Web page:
Muni Market Looks Ahead to Next Week’s Sale by N.J. EDA
With the primary market at a standstill Thursday, attention turned to the first major deal of the New Year, a planned bond sale by the New Jersey Economic Development Authority that’s being challenged in court.
RBC Capital Markets is expected to price the N.J. EDA’s $381.195 million of state lease revenue bonds for state government buildings on Jan 4. The deal is rated Baa1 by Moody’s Investors Service, BBB-plus by S&P Global Ratings and A-minus by Fitch Ratings.
Fitch noted in a ratings report Thursday that some legal issues are still swirling around the bond sale.
“A lawsuit has been filed challenging the legality of this bond issue under the debt limitation clause of the state constitution; however, bond counsel strongly believes N.J. EDA’s ability to issue debt authorized by its enabling act is not subject to the limitations of the clause. Bond counsel will render a clean legal opinion concurrent with the sale of the bonds,”
The offering is comprised of
$197.275 million bonds for the Health Department and
Taxation Division office project;
$19.225 million taxable bonds for the Health Department office project; and $164.695 million for the Juvenile Justice Commission Facilities project.
Moody’s said in a report last week that the litigation probably wouldn’t affect the state’s credit.
“A lawsuit has been filed challenging the authorization of these bonds, which if decided against the state, would potentially invalidate the bonds and the use of their pro- ceeds,” Moody’s said. “The timing of the litigation resolution is uncertain, and the risk of a negative decision does not materially impact the state’s credit profile.”
S&P said the bonds are bonds are being issued to finance the construction of a new state health department office building and a new state taxation division office building in Trenton and to finance the construction of various new juvenile justice commission facilities in Ewing and Winslow townships. They are secured by basic rent payments in amounts sufficient to let the N.J. EDA pay the aggregate debt service.
“The rating reflects our assessment of the general creditworthiness of the state of New Jersey (general obligation rating A-minus/ stable) and pledged lease revenues that are subject to annual state legislative appropriation,” S&P credit analyst David Hitchcock said on Wednesday.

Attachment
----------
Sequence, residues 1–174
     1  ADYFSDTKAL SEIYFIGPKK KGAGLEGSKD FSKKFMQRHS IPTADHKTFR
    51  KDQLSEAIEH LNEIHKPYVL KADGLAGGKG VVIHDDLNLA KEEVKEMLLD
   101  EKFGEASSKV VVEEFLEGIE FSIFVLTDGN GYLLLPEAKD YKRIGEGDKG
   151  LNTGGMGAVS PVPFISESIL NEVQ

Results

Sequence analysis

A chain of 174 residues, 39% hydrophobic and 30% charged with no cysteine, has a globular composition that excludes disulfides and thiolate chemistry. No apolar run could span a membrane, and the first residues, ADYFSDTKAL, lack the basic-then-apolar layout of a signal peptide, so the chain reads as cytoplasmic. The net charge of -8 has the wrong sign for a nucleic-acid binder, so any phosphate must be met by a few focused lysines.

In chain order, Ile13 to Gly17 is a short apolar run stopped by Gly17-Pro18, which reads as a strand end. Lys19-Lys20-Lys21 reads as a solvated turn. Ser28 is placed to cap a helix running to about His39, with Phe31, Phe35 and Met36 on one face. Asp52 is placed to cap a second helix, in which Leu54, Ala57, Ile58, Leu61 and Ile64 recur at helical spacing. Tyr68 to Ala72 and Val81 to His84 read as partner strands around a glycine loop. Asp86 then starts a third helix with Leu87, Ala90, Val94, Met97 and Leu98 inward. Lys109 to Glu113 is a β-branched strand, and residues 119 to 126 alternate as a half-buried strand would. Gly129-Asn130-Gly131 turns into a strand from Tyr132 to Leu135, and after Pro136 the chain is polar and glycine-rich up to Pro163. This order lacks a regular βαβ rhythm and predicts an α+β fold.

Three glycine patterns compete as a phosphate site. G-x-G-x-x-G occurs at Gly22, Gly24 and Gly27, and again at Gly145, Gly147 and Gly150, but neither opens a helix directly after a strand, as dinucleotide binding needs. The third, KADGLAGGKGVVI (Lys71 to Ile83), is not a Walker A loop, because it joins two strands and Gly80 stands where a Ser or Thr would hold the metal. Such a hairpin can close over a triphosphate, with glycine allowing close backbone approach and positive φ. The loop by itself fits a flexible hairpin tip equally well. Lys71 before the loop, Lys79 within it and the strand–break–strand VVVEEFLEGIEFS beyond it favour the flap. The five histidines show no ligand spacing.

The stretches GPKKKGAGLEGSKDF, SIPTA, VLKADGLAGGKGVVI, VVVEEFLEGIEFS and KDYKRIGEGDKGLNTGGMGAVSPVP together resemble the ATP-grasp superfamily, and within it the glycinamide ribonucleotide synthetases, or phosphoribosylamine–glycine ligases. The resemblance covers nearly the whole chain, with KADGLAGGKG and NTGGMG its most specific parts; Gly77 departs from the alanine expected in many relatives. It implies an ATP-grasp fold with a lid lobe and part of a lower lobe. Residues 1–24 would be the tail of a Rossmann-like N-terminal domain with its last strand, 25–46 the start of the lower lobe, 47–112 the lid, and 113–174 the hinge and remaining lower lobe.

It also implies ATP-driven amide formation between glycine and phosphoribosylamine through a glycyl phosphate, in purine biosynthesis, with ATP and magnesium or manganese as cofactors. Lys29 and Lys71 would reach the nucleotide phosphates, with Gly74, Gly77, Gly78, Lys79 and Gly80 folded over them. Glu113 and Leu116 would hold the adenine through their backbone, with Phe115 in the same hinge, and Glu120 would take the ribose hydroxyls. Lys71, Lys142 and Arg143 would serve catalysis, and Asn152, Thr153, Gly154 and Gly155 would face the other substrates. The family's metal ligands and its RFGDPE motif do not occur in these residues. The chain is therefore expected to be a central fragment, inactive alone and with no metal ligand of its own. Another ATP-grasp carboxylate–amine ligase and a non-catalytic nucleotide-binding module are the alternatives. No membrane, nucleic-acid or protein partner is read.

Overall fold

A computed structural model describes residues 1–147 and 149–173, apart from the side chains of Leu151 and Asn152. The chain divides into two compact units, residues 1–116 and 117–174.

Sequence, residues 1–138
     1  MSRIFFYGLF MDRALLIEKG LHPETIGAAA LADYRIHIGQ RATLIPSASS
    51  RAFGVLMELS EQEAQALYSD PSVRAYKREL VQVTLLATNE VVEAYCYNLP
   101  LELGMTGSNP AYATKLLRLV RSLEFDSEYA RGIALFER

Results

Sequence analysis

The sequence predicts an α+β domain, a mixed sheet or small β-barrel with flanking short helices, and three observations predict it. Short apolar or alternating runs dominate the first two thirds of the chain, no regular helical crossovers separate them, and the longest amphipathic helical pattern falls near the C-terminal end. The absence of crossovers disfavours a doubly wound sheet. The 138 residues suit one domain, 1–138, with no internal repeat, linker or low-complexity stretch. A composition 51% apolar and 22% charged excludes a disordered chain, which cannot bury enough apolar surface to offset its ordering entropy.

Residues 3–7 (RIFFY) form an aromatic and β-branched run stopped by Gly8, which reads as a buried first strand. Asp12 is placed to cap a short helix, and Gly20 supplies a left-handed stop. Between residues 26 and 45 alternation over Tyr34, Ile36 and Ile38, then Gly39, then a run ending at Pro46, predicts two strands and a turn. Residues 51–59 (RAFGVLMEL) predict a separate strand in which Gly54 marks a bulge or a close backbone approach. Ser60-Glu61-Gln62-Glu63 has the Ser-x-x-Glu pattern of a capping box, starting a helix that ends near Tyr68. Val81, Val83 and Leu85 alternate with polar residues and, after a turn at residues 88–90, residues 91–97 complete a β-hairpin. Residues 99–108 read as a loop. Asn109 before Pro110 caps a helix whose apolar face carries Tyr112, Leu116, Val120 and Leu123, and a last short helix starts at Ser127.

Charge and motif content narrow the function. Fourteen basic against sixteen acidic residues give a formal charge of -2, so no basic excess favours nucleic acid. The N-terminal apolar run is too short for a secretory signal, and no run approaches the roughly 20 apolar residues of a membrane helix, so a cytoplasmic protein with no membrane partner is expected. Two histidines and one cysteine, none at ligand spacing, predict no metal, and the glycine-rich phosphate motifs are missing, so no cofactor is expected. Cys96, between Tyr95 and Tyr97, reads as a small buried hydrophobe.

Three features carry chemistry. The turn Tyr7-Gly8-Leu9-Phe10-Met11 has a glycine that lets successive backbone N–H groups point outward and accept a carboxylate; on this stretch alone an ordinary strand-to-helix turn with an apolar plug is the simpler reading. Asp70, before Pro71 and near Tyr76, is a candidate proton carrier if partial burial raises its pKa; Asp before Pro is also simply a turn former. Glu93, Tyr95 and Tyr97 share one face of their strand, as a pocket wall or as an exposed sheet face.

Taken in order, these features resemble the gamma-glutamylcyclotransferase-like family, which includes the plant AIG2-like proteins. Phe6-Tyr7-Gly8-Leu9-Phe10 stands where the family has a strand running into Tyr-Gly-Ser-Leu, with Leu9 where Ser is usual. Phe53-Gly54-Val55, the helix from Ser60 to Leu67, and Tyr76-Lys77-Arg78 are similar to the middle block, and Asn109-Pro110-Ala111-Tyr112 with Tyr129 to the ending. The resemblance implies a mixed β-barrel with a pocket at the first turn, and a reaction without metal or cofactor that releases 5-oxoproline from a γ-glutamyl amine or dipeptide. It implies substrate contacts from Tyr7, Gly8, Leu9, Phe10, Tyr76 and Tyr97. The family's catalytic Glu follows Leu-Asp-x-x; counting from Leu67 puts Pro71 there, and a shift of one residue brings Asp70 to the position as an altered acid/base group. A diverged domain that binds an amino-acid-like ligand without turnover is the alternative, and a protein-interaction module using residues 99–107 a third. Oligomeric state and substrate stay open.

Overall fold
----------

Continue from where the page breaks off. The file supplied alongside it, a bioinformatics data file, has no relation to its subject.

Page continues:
Fitch said the state’s issuer default rating of A incorporates: a history of structurally imbalanced financial operations and slim reserves; persistent underfunding of its liabilities; and an elevated long-term liability burden, as well as the state’s diverse and high wealth economy that has returned to sustained growth.
“The A-minus rating for the current N.J. EDA bond issue, one notch below New Jersey’s A issuer default rating, reflects N.J. EDA’s pledge to make annual payments equal to debt service on these obligations, subject to annual appropriation by the state legislature,” Fitch said.
“In the absence of additional pension reforms Fitch expects that incremental pension contribution increases will consume the bulk of natural revenue growth for the next several years and remain a significant part of the state’s budget going forward. The rating also incorporates the strong control over revenues and spending inherent in a state’s powers,” the rating agency said.
Top-rated municipal bonds finished stronger on Thursday. The yield on the 10year benchmark muni general obligation fell three basis points to 1.99% from 2.02% on Wednesday, while the 30-year GO yield dropped three basis points to 2.55% from 2.58%, according to the final read of MMD’s triple-A scale.
The yield on the two-year Treasury rose to 1.91% from 1.90%, the 10-year Treasury yield gained to 2.43% from 2.41% and the yield on the 30-year Treasury increased to 2.76% from 2.75%. ◽